Anne Bonny #BlogTour #BookReview Alice Teale Is Missing by @HowardLinskey 4* #CrimeFiction #Northumbria #WhereIsAliceTeale

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Alice Teale Is Missing by Howard Linskey
Review Copy

Synopsis ~

YOU HAD A SECRET. ALICE FOUND OUT.

Alice Teale walked out of school at the end of a bright spring day.

She’s not been seen since.

Alice was popular and well-liked, and her boyfriend, friends and family are desperate to find her.

But soon it’s clear that everyone in her life has something to hide.

Then the police receive a disturbing package.

Pages from Alice’s precious diary.

Who could have sent them? And what have they done with Alice?

My Review ~

Alice Teale Is Missing follows the disappearance a of 17yr old girl, which adds layers and layers of depth the standard missing person case. Especially when the police begin to receive pages of Alice’s journal…

‘The old Alice Teale is dead’

The case is set in Northumbria and DC Beth Winter & DS Lucas Black are the police officers assigned to the case. We become aware that there is some gossip of controversy in DS Black’s pas career and that he is rumoured to have killed on the job. I liked the inclusion of these new police officers and I sincerely hope the author goes on to make this a series. I love the location of Northumbria and know that with its blend of coastal walks and urban city life, there is a wealth of scenes to create a crime drama around.

The disappearance of Alice Teale is a slow burn in the beginning, the crime appears to be motive-less and the family for all intents and purposes come across relatively ‘normal’. However, as with any teen once the team start to investigate the malicious gossip that surround Alice, her love life and adolescent desire… We learn things aren’t so motive-less after all. This is a story of teens coming of age in thoroughly modern times. The complex love lives and the vulnerability of impressionable teenage girls. But that just leaves the biggest question of all…. Where is Alice Teale? 4*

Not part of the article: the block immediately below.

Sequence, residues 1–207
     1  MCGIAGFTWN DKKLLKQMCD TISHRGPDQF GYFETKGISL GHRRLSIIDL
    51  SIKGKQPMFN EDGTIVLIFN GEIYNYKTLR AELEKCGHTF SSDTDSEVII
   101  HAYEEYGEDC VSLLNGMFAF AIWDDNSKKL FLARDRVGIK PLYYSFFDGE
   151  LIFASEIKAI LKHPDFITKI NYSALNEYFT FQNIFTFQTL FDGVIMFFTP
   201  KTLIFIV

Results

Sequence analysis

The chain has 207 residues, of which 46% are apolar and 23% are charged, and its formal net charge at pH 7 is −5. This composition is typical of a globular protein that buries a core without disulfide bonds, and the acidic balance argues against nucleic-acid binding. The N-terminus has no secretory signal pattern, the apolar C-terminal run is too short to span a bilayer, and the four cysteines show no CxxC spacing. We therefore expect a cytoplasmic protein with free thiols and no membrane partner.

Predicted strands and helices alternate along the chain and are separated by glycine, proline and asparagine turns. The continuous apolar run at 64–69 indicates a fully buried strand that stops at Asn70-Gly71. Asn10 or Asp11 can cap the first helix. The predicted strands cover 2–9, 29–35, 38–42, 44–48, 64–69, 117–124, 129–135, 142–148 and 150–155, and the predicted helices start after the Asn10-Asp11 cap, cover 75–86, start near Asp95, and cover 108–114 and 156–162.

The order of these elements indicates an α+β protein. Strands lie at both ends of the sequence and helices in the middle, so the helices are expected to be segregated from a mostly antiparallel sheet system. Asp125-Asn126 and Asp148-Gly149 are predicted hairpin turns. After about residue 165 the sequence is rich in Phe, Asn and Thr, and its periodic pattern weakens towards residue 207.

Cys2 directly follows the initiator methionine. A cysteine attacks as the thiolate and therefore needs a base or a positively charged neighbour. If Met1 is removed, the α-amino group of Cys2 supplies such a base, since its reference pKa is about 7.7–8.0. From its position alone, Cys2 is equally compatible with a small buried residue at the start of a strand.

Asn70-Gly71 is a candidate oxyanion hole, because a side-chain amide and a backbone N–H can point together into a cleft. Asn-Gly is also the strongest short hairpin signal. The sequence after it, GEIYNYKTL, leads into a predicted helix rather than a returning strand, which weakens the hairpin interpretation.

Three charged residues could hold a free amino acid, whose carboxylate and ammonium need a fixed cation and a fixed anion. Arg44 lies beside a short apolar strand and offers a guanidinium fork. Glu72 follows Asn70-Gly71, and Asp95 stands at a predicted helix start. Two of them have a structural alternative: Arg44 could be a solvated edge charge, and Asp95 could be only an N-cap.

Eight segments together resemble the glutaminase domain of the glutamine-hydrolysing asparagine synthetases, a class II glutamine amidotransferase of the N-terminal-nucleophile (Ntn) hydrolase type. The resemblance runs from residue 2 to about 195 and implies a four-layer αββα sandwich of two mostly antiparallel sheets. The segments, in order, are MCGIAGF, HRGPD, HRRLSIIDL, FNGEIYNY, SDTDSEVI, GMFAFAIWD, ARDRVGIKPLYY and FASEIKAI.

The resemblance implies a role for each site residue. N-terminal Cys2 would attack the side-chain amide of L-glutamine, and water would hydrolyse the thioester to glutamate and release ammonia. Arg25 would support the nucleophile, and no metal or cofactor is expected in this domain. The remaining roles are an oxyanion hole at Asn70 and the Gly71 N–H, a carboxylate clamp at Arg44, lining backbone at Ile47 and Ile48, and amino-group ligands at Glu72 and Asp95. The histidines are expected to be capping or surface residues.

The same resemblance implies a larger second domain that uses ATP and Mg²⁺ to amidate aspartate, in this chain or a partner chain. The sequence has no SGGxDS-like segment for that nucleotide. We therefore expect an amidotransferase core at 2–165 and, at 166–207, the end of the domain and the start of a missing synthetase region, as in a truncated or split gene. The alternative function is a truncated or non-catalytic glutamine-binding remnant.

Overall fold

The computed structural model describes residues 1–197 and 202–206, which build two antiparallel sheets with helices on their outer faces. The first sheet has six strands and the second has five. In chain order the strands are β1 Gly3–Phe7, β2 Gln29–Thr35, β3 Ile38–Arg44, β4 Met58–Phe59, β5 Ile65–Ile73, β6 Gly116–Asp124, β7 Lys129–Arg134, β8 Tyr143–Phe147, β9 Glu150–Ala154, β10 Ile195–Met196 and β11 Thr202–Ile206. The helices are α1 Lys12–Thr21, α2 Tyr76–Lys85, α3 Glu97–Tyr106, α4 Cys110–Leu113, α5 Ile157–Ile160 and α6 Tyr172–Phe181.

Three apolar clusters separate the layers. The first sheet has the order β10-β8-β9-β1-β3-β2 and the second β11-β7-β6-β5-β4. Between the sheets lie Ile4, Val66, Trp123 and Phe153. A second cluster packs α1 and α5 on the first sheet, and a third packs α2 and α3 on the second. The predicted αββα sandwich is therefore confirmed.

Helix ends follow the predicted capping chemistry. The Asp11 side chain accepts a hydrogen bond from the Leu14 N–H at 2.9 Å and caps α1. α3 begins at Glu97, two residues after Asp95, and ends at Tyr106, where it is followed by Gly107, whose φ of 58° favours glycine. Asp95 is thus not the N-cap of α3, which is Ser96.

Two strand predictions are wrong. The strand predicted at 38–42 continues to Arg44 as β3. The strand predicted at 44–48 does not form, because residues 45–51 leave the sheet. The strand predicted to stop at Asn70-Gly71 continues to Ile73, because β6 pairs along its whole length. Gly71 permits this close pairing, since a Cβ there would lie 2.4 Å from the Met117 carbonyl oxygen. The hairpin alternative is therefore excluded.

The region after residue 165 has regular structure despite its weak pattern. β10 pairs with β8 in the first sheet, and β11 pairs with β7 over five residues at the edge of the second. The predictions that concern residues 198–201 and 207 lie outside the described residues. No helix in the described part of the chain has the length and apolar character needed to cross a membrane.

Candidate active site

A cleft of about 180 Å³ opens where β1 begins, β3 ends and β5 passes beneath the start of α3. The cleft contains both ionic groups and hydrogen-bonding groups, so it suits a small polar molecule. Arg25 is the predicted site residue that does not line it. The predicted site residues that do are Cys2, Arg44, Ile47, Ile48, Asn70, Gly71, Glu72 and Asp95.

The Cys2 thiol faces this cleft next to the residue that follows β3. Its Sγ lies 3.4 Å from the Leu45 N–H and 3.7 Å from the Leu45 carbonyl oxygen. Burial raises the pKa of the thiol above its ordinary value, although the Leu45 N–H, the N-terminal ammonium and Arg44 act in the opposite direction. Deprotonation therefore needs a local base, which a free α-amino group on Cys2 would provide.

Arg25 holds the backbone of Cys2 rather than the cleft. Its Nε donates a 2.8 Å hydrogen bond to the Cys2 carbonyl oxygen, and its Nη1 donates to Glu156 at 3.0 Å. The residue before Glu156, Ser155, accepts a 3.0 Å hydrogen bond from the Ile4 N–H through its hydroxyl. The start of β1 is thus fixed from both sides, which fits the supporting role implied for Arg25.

HL
Howard Linskey
Twitter
Website

*Check out the other bloggers on the blog tour*
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Anne Bonny #BookReview This Little Dark Place by A.S. Hatch @andrewshatch 4* #Thriller #Psychological #Mystery @SerpentsTail

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This Little Dark Place by A.S. Hatch
Review Copy – Hardback
Synopsis ~

How well do you know your girlfriend?

How well do you know your lover?

How well do you know yourself?

Daniel and Victoria are together. They’re trying for a baby. Ruby is in prison, convicted of assault on an abusive partner.

But when Daniel joins a pen pal program for prisoners, he and Ruby make contact. At first the messages are polite, neutral – but soon they find themselves revealing more and more about themselves. Their deepest fears, their darkest desires.

And then, one day, Ruby comes to find Daniel. And now he must decide who to choose – and who to trust.

My Review ~

This novel has such a brilliant and appealing synopsis. We immediately know it will be a psychological thriller riddled with suspense and we are NOT let down.
The novel revolves around the characters of Daniel, Victoria and pen-pal Ruby. We are aware that Daniel is enrolled in a pen-pal programme, but the messages end up going so much deeper than a mere friendship…

‘Two damaged souls, reaching out for a connection’

It isn’t long before Daniel is divulging far too many details of his personal life and relationships. When Ruby reciprocates this response, we the reader immediately know it isn’t going to end well for either of them…

‘I didn’t intend to write back to her but of course I did’

Daniel is at times, an unreliable narrator and I never knew if he was telling the truth or playing games. You just simply can’t trust him and neither should Victoria or Ruby.
The novel is fast paced, edgy and modern. A cracking debut might I add. I raced through the pages and couldn’t wait to get to the end.

Daniel is most definitely a weirdo, but that doesn’t make him a criminal or does it? 4*

ASH
A.S. Hatch
Twitter
Website

*apologies for delayed review*

Anne Bonny #BookReview The Photographer Of The Lost by Caroline Scott @CScottBooks 4* #NewRelease #Historical #Fiction #Literary @simonschusterUK @WmMorrowBooks

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The Photographer Of The Lost by Caroline Scott
Review Copy
Synopsis ~